In The News › N.O. urged to revamp land use policies

Aug 4, 2006

Source: Times-Picayune

Filed under: Orleans Parish, Planning Issues

N.O. urged to revamp land use policies

Times-Picayune (New Orleans)
N.O. urged to revamp land-use policies;
Council has too much power, nonprofit says
By Bruce Eggler, Staff writer

A New Orleans governmental watchdog group Thursday proposed revising the City Charter to limit the City Council’s role in land-use decisions, increase neighborhoods’ voice in such actions and create a city master plan with the force of law.

In suggesting that the City Planning Commission and the Board of Zoning Adjustments should gain greater authority at the council’s expense, the nonpartisan Bureau of Governmental Research also recommended changing how members of the two bodies are appointed to try to make them more professional and nonpolitical. The proposals seek to transform the long-entrenched manner in which the city makes day-to-day land-use decisions, beyond the current process to plan post-Katrina rebuilding.

“Land-use decisions do not emerge from a fair, rational or consistent process,” the bureau said, and “neighborhoods lack an adequate voice in their future.”

Voter approval needed

Amending the charter requires voters’ approval. The council could call an election on the proposed changes on its own, or it could be forced to do so if proponents submit petitions with the signatures of 10,000 registered voters. The bureau is not expected to lead such a drive. The bureau’s 12-page report, “Planning For a New Era: Proposed Changes for Land Use Decision Making in New Orleans,” basically spells out the charter changes needed to
implement several suggestions the group has presented before, plus a few new ideas.

In a 1993 report titled “Runaway Discretion: Land Use Decision Making in New Orleans,” the bureau said that the way decisions on land use are made in New Orleans suffers from “systemic weaknesses and an ad hoc approach” and needs a complete overhaul.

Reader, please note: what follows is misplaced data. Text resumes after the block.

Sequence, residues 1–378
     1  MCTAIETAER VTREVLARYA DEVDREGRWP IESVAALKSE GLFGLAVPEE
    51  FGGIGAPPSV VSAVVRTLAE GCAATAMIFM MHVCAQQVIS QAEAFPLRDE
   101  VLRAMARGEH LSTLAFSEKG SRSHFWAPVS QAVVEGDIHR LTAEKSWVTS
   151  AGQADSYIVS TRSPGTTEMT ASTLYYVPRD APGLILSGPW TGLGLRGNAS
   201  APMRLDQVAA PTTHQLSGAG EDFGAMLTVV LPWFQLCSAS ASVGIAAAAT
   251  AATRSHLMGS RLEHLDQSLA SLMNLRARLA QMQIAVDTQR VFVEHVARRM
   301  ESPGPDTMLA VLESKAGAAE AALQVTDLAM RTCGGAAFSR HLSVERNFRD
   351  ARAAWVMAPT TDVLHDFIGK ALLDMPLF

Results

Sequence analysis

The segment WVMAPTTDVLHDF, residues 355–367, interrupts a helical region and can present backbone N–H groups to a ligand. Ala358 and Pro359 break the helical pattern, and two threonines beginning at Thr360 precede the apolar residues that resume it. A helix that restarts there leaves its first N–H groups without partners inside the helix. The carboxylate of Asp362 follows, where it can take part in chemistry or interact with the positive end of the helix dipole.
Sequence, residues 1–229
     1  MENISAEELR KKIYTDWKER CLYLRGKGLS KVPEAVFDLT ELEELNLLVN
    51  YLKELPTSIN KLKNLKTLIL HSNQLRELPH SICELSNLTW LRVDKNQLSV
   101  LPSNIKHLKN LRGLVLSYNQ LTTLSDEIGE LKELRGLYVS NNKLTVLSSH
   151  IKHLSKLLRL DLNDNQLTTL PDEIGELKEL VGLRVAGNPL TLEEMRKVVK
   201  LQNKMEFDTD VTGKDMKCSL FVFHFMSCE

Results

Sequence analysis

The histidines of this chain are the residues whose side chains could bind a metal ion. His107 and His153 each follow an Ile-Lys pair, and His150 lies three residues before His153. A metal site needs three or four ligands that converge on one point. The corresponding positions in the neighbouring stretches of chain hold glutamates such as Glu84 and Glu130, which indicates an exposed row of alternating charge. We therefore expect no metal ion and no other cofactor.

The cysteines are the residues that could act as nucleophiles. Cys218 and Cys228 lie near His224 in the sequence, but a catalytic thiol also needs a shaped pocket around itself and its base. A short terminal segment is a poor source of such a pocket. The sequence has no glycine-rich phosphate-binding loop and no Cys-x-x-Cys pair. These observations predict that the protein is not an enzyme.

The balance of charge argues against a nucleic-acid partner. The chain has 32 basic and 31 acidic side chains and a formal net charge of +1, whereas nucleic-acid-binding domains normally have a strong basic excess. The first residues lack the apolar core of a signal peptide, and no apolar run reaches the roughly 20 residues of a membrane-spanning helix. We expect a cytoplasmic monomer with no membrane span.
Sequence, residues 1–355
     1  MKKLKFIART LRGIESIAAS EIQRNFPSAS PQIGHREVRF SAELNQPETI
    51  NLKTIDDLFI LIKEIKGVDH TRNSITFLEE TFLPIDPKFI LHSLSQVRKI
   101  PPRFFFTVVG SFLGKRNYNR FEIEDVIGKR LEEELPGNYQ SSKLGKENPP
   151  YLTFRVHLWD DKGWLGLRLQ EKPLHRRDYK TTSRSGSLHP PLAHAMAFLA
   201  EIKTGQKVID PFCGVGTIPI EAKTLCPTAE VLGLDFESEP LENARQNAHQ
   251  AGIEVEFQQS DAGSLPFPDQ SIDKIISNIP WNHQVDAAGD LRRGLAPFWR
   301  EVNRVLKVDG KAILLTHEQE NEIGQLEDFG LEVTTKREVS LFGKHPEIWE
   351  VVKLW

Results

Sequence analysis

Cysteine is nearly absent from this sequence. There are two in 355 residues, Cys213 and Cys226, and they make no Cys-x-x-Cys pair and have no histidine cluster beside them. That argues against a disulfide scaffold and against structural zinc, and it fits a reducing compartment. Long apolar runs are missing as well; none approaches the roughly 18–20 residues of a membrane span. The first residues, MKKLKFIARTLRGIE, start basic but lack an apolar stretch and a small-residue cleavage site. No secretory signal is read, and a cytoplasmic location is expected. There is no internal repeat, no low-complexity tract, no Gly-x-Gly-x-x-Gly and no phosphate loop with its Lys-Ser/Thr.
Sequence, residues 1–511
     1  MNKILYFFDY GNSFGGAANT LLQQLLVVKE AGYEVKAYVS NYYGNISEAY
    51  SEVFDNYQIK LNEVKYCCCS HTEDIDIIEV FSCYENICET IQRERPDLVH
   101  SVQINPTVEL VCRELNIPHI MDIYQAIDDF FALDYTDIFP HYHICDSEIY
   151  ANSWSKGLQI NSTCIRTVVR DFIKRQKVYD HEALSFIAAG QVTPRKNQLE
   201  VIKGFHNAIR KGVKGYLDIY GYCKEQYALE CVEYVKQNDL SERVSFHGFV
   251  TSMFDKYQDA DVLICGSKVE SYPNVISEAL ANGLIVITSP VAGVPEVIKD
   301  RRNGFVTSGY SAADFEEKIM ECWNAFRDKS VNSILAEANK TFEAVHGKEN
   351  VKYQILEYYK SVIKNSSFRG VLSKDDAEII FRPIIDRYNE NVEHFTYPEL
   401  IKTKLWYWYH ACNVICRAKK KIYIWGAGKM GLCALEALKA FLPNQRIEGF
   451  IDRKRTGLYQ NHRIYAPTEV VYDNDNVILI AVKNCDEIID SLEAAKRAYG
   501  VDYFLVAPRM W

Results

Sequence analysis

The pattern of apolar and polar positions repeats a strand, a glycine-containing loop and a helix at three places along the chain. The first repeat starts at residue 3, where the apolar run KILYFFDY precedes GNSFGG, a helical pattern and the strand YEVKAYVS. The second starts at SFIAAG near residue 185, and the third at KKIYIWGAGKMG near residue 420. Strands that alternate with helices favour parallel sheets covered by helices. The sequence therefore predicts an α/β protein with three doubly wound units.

The result of the current flawed system, it said, “is widespread discontent, with the frustration of those focused on economic development matched by the frustration of residents who feel deprived of meaningful participation in the future of their neighborhoods.”

The earlier report recommended several changes in the way decisions are made, such as increasing the power of the Planning Commission and decreasing that of the City Council, which under current law can overrule all commission decisions.

The new report says the earlier suggestions “have taken on new life” since Hurricane Katrina “as part of the intense dialogue surrounding planning in New Orleans.”

The Bring New Orleans Back Commission appointed by Mayor Ray Nagin last fall to recommend how the city should be rebuilt after Katrina called for eliminating the council’s power to override decisions by the Planning Commission, the Historic District Landmarks Commission and the Board of Zoning Adjustments, with appeals of those agencies’ decisions possible only to the courts.

Master plan not done yet

The BNOB commission also called for completing work on the city’s long-delayed master plan and revised comprehensive zoning ordinance. The Planning Commission has been working on both documents for many years.

Among the chief faults the BGR sees in the current land-use decision-making process are the council’s “unbridled discretion” to overrule recommendations by the Planning Commission and its professional staff, and the council’s longtime tradition of deferring nearly all land -use decisions to the district member affected.